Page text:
Capturing a post-anthrocene world of the imagination, the artwork in the Venice Collection imbues a Dali-esque contemplation of a life where the power of nature is enabled to take hold; colour is heightened, oxygen flows, and the animal kingdom reclaims habitats lost and gains territories discovered, those left bare by the absence of humanity. The impact the lockdowns have had on our environment has been remarkable. Absorb yourself in the paradox of a demi-Utopia, where clear, calm waters dissolve the social and environmental conundrums of society.
Kristjana's love affair with Venice began with a visit in 2010, where the incredible architecture and light found at every corner was only enhanced by the 20th Century art housed at the Peggy Guggenheim. It was 10 years later that Kristjana stumbled upon some 19th Century Venetian stereoscopic prints by photographic pioneer, Carlo Ponti.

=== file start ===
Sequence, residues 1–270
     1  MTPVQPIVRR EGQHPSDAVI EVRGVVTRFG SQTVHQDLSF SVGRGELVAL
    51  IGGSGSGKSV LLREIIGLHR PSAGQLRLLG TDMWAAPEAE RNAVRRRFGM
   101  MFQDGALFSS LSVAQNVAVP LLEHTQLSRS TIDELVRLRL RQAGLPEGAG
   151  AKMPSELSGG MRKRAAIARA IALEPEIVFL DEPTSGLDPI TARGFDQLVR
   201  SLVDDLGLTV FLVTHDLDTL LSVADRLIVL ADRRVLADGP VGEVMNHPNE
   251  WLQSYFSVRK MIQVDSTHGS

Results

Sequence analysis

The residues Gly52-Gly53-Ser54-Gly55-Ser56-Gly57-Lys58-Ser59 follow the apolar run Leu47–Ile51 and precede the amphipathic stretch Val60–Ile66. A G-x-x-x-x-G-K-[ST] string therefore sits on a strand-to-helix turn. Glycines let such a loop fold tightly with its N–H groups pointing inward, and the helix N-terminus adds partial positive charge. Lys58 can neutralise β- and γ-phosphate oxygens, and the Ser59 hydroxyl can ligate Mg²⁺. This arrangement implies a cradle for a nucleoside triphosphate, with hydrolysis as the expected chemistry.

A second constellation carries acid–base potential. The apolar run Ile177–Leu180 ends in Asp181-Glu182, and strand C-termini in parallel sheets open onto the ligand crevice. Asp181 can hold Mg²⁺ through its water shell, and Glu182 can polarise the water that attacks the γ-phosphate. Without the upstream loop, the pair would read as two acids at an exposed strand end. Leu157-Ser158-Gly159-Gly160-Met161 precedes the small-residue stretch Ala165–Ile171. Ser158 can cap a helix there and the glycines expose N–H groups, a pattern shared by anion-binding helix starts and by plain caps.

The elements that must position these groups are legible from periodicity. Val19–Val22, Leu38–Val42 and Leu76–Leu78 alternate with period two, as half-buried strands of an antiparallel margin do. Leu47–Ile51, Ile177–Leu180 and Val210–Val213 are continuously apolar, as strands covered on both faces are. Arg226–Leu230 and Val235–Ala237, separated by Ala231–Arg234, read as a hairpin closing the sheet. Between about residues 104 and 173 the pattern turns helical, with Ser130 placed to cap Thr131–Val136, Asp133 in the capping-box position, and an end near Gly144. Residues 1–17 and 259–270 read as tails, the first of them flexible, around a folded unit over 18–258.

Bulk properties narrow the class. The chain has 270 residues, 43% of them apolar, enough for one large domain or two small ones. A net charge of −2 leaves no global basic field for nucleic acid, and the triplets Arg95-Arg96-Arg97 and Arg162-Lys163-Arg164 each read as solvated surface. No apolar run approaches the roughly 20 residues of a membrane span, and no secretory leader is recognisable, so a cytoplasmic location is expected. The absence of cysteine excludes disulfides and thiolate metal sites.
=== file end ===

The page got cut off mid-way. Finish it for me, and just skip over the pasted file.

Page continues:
An empty chiesa and abandoned palazzo, explode with colour in this post-anthrocene imagining of beautiful Venezia. Unabashed by human threat, a myriad of elusive beasts embroider every crack and crevice of these ancient buildings, startling in their incongruous inhabitance. A plethora of pythons command the columns, rising to the beetle crested facade, while over-sized butterflies and dragonflies soar over the rooftops. Rarity and surprise are commonplace here... the collective presence of normally solitary snakes, enlarged lizards and contented frogs, sitting throne-like on voluminous lily pads. But this is not a formidable scene; these amphibious, reptilian and insect species are evolving as a tribe, the realised space, freedom and safety of this place enables them to thrive and grow. Verdant flora climbs, undeterred by boat or net, from the depths of the canal, to top these colour drenched buildings with a floral flourish.